executive-order-198769
6

Film Pulse Score

SXSW 2021: EXECUTIVE ORDER Review

  • Release Date: March 16, 2021
  • Director: Lázaro Ramos
  • Runtime: 94 Minutes

Sometimes nuance and subtext are the strongest methods in reaching an audience, allowing them to organically discover the meaning behind specific themes and attributes of a film. Other times, using a proverbial sledgehammer to bash the viewer over the dome is the best way to get the point across, and that’s exactly what Lázaro Ramos does in his sci-fi-adjacent title Executive Order.

Set in the not-too-distant future, the film centers on a series of events before and after the Brazillian government undergoes a series of radical changes in which the government rolls back its more progressive equality standards and attempts to nudge “melanized” citizens to move to Africa. This “incentive” obviously rubs Braziliansof color the wrong way and, although some go for the plan, most protest this oppressive and overtly racist program.   

Very quickly, however, after only a meager number of people agree  to leave voluntarily, the government unsurprisingly enacts a law that forces any darker skinned individual to leave the country. This transforms Brazil into a dystopian warzone overnight, erupting the cities and favelas into turmoil and violence. 

Alfred Enoch and Taís Araújo star as Antonio and Capitu, an upper-class couple living in Rio de Janeiro. Antonio works as a lawyer fighting for reparations for the descendents of former slaves, and Capitu works as a doctor. They live in a comfortable gated apartment building, which ends up shielding Antonio and his cousin, Andre (Seu Jorge) after the hammer falls. Capitu, sadly, is not as lucky and must escape from her work building during the roundups. She ends up in the hideout of a group of people who found shelter from the police.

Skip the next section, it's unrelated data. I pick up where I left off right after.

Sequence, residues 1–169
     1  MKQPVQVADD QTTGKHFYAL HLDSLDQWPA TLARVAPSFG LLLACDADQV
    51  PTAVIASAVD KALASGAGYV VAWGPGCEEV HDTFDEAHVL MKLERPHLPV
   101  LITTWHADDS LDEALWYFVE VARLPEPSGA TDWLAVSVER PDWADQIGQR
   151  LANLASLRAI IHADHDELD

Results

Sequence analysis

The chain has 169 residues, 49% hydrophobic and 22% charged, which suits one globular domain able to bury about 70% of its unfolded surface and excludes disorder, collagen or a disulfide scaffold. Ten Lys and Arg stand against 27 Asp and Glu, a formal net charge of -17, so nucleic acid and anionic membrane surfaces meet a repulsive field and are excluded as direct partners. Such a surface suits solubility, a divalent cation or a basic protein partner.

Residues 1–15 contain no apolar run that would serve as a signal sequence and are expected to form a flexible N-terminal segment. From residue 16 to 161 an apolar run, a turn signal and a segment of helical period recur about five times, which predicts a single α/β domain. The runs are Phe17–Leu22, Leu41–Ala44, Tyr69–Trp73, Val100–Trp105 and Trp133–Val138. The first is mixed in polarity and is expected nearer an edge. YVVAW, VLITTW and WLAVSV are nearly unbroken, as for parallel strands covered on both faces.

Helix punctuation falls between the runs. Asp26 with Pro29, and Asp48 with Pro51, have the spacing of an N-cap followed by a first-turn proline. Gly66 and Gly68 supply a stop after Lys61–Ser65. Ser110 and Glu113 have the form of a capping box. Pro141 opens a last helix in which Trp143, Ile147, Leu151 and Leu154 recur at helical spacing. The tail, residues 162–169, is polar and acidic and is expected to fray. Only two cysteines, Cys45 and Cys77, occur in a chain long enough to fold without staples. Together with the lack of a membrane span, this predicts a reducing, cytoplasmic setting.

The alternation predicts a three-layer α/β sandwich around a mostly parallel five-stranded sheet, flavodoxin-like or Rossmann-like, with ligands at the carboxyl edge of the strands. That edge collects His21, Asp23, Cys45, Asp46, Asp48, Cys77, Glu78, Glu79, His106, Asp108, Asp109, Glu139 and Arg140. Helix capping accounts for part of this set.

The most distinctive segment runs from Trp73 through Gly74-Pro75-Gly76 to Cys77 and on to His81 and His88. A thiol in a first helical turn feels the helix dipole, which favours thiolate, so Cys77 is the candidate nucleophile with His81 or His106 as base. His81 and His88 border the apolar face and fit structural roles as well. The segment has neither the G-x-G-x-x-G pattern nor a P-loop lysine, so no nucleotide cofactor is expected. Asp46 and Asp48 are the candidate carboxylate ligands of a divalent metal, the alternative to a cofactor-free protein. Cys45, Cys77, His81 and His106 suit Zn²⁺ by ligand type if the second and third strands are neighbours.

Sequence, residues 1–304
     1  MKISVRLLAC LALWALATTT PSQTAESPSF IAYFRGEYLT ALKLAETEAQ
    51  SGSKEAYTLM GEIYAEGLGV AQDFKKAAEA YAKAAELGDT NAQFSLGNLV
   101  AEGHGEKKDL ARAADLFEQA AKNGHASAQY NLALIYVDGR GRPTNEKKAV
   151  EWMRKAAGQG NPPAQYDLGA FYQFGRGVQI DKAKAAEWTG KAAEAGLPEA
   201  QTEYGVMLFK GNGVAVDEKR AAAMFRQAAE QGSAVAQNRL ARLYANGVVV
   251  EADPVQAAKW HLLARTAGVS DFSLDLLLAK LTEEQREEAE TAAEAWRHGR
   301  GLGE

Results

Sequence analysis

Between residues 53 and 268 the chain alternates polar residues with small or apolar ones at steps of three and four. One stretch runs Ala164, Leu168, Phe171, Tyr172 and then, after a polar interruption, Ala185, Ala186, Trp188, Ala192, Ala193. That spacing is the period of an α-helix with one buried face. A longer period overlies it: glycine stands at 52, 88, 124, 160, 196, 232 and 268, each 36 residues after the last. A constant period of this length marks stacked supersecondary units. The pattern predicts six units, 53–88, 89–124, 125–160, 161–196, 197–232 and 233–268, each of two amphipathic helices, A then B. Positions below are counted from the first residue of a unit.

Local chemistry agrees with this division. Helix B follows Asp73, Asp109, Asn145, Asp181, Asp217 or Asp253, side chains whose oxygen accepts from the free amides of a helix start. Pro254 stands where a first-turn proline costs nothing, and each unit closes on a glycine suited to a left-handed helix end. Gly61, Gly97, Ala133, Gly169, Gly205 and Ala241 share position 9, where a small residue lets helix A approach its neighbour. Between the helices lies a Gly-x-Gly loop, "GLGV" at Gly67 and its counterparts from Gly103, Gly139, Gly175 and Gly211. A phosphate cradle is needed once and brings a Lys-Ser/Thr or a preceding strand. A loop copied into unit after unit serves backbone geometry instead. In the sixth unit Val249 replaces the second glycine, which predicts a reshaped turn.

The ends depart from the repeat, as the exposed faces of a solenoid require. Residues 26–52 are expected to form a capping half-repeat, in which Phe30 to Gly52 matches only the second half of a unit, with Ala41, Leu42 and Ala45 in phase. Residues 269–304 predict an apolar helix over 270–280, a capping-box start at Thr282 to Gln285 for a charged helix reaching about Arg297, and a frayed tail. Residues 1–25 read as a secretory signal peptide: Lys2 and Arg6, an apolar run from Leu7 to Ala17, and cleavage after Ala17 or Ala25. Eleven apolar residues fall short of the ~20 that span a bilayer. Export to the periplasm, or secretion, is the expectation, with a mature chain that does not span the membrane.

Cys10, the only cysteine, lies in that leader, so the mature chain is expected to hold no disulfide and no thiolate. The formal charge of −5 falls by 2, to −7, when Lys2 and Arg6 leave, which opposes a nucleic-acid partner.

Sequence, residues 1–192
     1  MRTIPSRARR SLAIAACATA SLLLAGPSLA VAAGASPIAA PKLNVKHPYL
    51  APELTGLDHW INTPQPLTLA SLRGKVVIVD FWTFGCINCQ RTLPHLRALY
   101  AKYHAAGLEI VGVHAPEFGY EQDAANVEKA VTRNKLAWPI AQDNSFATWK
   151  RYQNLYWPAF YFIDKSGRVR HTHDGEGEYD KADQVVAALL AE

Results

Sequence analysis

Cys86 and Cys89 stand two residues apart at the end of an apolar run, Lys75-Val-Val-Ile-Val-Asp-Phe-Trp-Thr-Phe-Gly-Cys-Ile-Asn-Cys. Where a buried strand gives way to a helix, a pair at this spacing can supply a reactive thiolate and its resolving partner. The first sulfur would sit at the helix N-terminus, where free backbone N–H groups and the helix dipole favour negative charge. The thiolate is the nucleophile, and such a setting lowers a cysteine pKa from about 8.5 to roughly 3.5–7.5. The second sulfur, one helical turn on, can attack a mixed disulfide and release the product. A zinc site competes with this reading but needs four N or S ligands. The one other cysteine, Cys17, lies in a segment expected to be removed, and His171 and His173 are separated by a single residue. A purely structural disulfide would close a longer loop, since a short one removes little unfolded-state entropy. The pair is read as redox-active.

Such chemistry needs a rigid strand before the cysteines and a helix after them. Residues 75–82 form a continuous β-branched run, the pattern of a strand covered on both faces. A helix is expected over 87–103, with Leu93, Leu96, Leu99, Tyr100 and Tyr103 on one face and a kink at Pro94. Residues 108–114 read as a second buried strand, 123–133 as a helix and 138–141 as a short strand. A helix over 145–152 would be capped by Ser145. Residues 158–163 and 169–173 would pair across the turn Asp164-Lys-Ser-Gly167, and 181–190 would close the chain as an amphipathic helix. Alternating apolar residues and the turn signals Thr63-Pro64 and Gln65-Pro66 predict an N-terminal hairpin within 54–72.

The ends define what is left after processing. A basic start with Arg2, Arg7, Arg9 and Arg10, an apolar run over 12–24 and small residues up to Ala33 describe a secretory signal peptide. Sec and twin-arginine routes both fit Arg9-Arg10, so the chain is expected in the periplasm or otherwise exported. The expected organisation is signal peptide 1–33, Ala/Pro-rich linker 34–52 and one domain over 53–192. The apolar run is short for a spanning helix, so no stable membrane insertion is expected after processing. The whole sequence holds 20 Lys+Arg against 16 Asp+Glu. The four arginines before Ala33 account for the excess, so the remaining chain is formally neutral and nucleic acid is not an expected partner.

Reminiscent of last year’s incredible Bacurau, Ramos’s film injects dark satire into a fictional event that these days seems devastatingly more possible than ever before, in my lifetime at least.  Unfortunately, the glaring logic problems with Executive Order cannot be ignored. It’s a film that clearly doesn’t want you to think about how all this would work on a political or economical level. Like, all these African countries are just cool with taking in potentially millions of displaced Brazillians? This disregard for showing how the moving parts or end result of all this would play out, coupled with the overt themes of systemic racism, yield a  fascinating yet entirely too surface level to feel like it’s really trying to say anything profound.

The bulk of the run time is spent with Antonio and Andre stuck in their apartment and Capitu trying to keep herself and the people she’s hiding with calm and sane. This causes the pacing to lose a significant amount of steam, leading to a few more plot reveals that ultimately add little to the overall narrative. 

Executive Order is a film that contains some good ideas, solid performances and some entertaining moments, but the disjointed nature of the script causes the overall experience to feel lacking, especially coming so soon after a film like Bacurau handled similar subject matter in a similar fashion but in a far more substantial manner.       

Check out all of our SXSW coverage here!